Edited by Olga Timofeeva, Anne-Christine Gardner, Alpo Honkapohja and Sarah Chevalier
[Studies in Language Companion Series 177] 2016
► pp. 35–66
Patterns of linguistic globalization
Integrating typological profiles and questionnaire data
In this paper, we present ways of relating the broad scope of typologically motivated approaches to variationist questionnaire data. We explore how descriptive and inferential statistics (such as linear regression) and exploratory techniques (such as aggregative analyses) can be combined for a more holistic investigation of variationist questionnaire data on lexical choices from British, Maltese, American and Puerto Rican English. Our analyses show that raters from the British English(-influenced) and the American English(-influenced) sphere form distinct clusters. Adopting a more fine-grained perspective, we find evidence both for the actual existence of four distinct regional varieties and for globalizing tendencies. Based on our results, we further argue that variety-internal variation is often motivated lexically rather than socially.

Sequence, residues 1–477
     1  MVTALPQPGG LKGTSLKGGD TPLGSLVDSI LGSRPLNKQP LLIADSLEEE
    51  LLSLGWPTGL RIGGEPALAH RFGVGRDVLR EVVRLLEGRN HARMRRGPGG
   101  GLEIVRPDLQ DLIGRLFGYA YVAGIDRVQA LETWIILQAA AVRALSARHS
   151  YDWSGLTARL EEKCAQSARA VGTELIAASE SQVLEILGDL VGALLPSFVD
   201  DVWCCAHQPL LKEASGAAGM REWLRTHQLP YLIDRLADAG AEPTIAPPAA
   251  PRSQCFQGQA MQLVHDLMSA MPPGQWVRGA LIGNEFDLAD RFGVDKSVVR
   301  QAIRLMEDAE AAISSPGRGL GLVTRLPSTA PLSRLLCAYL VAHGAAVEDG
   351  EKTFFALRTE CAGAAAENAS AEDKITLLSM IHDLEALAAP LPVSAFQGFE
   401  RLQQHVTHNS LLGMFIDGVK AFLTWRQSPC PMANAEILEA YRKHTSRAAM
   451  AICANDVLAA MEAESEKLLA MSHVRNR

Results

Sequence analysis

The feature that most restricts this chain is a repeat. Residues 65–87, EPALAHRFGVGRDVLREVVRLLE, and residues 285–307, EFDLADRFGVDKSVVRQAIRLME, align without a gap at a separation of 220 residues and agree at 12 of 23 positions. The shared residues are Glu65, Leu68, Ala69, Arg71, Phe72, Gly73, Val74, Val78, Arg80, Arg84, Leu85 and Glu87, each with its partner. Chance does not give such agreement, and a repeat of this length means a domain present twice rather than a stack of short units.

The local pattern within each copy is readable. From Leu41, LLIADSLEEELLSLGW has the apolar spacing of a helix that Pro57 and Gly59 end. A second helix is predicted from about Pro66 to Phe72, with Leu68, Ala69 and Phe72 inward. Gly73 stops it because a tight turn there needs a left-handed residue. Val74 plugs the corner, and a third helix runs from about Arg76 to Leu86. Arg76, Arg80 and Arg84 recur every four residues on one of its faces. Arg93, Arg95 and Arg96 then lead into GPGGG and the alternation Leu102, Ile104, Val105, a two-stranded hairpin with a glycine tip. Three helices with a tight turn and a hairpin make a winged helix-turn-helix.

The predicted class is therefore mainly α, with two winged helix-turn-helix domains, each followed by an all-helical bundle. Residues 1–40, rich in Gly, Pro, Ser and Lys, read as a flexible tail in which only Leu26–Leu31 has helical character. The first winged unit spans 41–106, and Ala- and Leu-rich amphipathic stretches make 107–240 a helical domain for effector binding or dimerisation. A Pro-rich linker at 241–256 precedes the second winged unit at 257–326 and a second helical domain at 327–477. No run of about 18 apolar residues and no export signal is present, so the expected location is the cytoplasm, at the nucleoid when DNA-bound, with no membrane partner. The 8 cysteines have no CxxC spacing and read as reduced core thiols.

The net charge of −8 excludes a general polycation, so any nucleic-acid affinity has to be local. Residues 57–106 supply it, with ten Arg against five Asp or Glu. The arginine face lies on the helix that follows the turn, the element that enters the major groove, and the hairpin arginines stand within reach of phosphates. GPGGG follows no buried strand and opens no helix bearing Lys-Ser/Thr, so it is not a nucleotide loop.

- 2.The macro-perspective: Aggregative analysis
- 2.1Preparing and transforming the data
- 3.Zooming in: Testing individual items and social factors
- 3.1Regional means
- 3.2Application of global mixed-effects linear regression models
- 3.3Tracing age effects in individual items
- 3.4Identifying globalizing lexical items in L1 and L2 Englishes
Cited by 2 other publications
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